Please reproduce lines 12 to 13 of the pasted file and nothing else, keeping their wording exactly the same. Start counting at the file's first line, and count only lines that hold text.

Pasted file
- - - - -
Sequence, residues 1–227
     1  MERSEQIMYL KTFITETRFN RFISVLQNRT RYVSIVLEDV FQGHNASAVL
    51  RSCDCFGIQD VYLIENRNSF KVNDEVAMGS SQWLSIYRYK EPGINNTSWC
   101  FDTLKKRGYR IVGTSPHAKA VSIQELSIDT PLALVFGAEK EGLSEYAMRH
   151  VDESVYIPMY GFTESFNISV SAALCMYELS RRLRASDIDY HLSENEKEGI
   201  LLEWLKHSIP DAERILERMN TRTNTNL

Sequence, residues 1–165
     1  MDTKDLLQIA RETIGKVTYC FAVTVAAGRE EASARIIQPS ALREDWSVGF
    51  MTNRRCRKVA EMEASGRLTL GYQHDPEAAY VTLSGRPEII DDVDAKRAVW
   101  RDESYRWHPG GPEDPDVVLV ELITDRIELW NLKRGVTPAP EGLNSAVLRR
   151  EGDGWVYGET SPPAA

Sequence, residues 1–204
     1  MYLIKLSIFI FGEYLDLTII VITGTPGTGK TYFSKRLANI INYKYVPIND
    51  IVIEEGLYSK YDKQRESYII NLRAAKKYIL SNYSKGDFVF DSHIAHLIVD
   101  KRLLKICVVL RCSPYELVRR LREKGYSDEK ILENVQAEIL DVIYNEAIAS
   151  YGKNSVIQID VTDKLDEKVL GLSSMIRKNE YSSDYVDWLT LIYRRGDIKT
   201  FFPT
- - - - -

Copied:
Sequence, residues 1–204
     1  MYLIKLSIFI FGEYLDLTII VITGTPGTGK TYFSKRLANI INYKYVPIND